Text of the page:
Submitted by Dr MaryAnne John on April 15, 2022, at 11:43

I think the fact that we in Canada have a different subset of spelling makes us unique.
Since I teach English to speakers of other languages, it becomes imperative that we emphasize our differences from British and American English.

Submitted by Steven Almonte on May 8, 2022, at 11:30

It would be nice to preserve our Canadian spellings. But, to tell the truth, I get insecure sometimes. Because some of the (official) Canadian spellings (such as the verb "practise" or "centred, centring" "manoeuvre" "skilful" etc.) are not used by many Canadians. In fact, the aforementioned spellings even look wrong to a lot of Canadians, I know because I have been corrected a few times by Canadians who are oblivious. I'm conflicted because I strongly love and cherish the British spellings that we Canadians have, but they may be mistakenly viewed as wrong by many Canadians (who are exposed to American sources all the time). I would love some advice. Should I proudly uphold Canadian spelling to the letter (truth is, I want to) despite the aforementioned problem? or should I spell what I think looks right to people around me?

Submitted by Adam on September 1, 2022, at 10:47

I have read many antique articles, and magazines such as the old issues of the Canadian Magazine or even government pamphlets and the spellings used in them were all what we would constitute now as "American" spelling. I found multiple entries of words such as: Favor, Armor, Flavor, Color, etc. by both the authors and general populance in their letters to editor. It seems to me that those spellings are just as Canadian as the "British" type spellings and it looks like at some point or the other in history, Canadians wanted to be more distinguished from their brothers to the south.

Submitted by Kara M on September 20, 2022, at 15:27

This has been a very interesting and informative blog. Thank you!

Submitted by Shannon Peel on October 10, 2022, at 18:20

Canadian spelling is confusing and as a marketer and brand storyteller, with audiences in both Canada and America, I'm forever being told my spelling is wrong.

Submitted by Sheila Ethier on October 12, 2022, at 10:45

That must be very frustrating, especially since both the Canadian and American spelling systems are of course correct!

Submitted by Amy Stewart on December 20, 2022, at 23:55

When people tell me I've spelled something wrong, I say "no, that's the Canadian way!"

Submitted by Paul Kelley on December 25, 2022, at 17:41

I was checking my old spelling book from elementary school , published in Toronto and authorized by the Ministry of Education for Ontario,in the early 60's and it notes with an asterisk to the teacher that while the spelling of colour and parlour are the most common form in Canada that spelling color and parlor without the u are acceptable and that no student shall be penalized for spelling them that way in any test or examination. We were taught to spell programme as were most if not all government documents at the time. Interestingly though all Canadian government documents now spell it program and nary a peep to be heard. But drop that u from colour and you get a tsunami of critics. I often wonder if those same critics who claim Canadian spelling is the same as British spelling actually spell words like "tire as tyre" "curb as kerb" etc.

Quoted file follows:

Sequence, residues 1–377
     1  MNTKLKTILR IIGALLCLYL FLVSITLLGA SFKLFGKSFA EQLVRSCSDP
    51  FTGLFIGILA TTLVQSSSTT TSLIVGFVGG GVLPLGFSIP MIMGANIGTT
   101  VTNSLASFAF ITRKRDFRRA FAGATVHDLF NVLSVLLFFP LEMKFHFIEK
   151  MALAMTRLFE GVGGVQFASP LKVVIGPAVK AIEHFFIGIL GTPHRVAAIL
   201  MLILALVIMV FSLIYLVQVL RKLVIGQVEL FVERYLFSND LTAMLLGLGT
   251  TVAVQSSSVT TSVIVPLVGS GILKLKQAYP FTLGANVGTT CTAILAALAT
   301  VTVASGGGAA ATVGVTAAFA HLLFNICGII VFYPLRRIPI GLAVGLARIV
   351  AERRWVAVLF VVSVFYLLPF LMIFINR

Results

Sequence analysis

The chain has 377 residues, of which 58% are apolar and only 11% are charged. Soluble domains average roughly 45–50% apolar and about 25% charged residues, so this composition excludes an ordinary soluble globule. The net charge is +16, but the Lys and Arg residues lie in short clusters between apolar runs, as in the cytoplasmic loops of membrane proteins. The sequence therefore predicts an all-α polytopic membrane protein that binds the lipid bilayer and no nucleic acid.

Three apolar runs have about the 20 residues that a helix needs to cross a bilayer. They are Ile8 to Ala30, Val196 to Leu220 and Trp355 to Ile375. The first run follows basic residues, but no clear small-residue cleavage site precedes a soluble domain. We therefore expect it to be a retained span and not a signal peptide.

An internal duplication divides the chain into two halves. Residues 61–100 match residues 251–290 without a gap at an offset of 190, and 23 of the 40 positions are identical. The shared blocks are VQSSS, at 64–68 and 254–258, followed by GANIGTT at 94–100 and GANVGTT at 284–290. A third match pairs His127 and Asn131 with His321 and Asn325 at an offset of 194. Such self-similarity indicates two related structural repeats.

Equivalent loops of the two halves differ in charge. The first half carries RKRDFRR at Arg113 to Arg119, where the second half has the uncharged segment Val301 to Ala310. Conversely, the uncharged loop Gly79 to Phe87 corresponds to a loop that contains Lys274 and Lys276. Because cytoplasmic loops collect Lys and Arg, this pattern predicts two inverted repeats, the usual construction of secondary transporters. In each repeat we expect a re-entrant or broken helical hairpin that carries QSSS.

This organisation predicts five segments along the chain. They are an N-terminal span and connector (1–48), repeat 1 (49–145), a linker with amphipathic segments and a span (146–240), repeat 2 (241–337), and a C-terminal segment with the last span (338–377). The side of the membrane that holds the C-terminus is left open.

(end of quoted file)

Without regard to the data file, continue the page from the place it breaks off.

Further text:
Submitted by Ian Mac Eochagáin on March 23, 2023, at 7:51

-ize is the traditional British spelling, too. It was the only one given in Oxford dictionaries until very recently, and is the Oxford and Penguin house style in the United Kingdom. -ise is a very recent adoption. In this sense, Canadian English has simply stayed loyal to British English rather than adopting something American.

Submitted by Tina Michel on June 1, 2023, at 15:48

We are definitely closer, physically, to the U.S., and their way of living, in general of course, so why don't we just simplify everything and adopt their spelling all together?

Submitted by Nige Hawke on July 10, 2023, at 14:20

I wish we could enforce Canadian english on packaging.

Submitted by hillol on January 22, 2024, at 8:43

Sheila Either is so fine

Submitted by Yuntai Wang on February 4, 2024, at 11:12

Ensglish is my second language, and there have been always some confusions during my learning pregress. For example, "climb" why there is a "b" when it doesn't make sound in the word.
Thank you

Submitted by Sheila Éthier on February 12, 2024, at 12:04

Thank you for your question!

In the case of “climb,” the original Anglo-Saxon verb was climban, and the “b” was pronounced. But over time, the ending “an” was dropped, and the “b” that remained became silent.

Other words like “climb,” in which the “b” was originally pronounced but is now silent, include “tomb” (from Old French tombe) and “jamb” (from Old French jambe).

In the case of certain other words ending in “mb,” there was actually no “b” in the original word; but one was later added! Examples include “thumb” and “numb.”

So, as you can see, there are different reasons (not all of them logical) why we have a group of English words ending in “m + silent b”!

Sheila Éthier

Submitted by Jake on February 25, 2024, at 22:09

Honour the “u”! Along with honour, we have words from the same Latin root, honos, including honourable, honouree, and honourably. There is another set — seemingly from the same root word, sans “u” — honorary, honorific, and honorarium(a). English isn’t logical in terms of spelling, but can we not have continuity with the “u” in honourary, honourific, and honourarium(a)?